The Taoyuan District Prosecutors’ Office on Thursday decided not to prosecute a 24-year-old woman after the Council of Agriculture’s Bureau of Animal and Plant Health Inspection and Quarantine found that false documents had been submitted for her pet rabbit, which was transported to Taiwan by an animal transportation service.
The woman, surnamed Kuo (郭), in January paid about NT$300,000 to fly her pet rabbit from the US to Taiwan via a service she found on the messaging app WeChat.
However, upon the rabbit’s arrival in Taiwan, customs officers discovered that the sex on its quarantine documents was different from that listed on its microchip.
The woman, a dual Taiwanese and US citizen, said she did not fill out any paperwork herself.
When customs officers told her that the information was incorrect, she pressed the animal transportation service to refile the documents, Kuo said.
The service seemed to be stalling, so she asked the American Institute in Taiwan (AIT) for help, she said.
The AIT contacted the council, which then told Kuo that the quarantine documents were false.
The service said that it would refund her money, but did not say that the documents were forged, and shifted the blame, Kuo said.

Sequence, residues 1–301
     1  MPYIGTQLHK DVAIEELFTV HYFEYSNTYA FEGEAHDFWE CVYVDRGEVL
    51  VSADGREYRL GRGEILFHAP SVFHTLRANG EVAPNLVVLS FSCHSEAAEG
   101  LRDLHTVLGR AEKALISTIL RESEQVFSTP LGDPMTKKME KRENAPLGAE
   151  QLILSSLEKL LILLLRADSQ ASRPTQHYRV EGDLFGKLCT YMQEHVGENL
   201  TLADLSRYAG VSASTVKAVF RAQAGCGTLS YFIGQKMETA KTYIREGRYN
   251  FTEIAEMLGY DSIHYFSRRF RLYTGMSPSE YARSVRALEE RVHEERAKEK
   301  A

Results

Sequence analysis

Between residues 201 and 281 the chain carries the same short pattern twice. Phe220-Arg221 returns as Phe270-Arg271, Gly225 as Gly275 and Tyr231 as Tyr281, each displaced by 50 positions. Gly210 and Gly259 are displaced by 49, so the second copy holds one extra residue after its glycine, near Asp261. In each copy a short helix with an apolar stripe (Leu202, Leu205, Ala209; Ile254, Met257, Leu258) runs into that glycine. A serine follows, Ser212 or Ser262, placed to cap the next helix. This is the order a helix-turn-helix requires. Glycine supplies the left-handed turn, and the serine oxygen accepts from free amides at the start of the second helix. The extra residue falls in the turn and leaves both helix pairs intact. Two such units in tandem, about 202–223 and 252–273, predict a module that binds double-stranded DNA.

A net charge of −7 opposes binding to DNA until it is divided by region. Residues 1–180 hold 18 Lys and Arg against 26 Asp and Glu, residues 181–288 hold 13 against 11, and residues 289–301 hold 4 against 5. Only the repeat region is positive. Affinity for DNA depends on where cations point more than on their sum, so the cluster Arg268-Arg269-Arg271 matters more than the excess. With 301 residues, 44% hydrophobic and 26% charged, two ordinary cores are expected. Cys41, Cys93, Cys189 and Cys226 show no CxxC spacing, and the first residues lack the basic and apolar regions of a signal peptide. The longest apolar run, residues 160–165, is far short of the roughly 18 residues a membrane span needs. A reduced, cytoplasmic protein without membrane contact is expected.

Kuo’s attorney said that Kuo is simply a student with a deep bond with her pet rabbit, and there was no problem when the animal departed the US.
After Kuo received no response from the service after asking it to resubmit the documents, she took the initiative to seek help from the AIT, the attorney said.
If she had not done so, the bureau would have been unable to confirm the authenticity of the documents, proving that Kuo had no intention of committing forgery, the lawyer said.
Based on Kuo’s testimony and conversation records between her and the service, prosecutors found that Kuo had repeatedly asked the service to resubmit the documents.
Using these communications, and the e-mails between her and the AIT, prosecutors decided not to press charges, the lawyer said.
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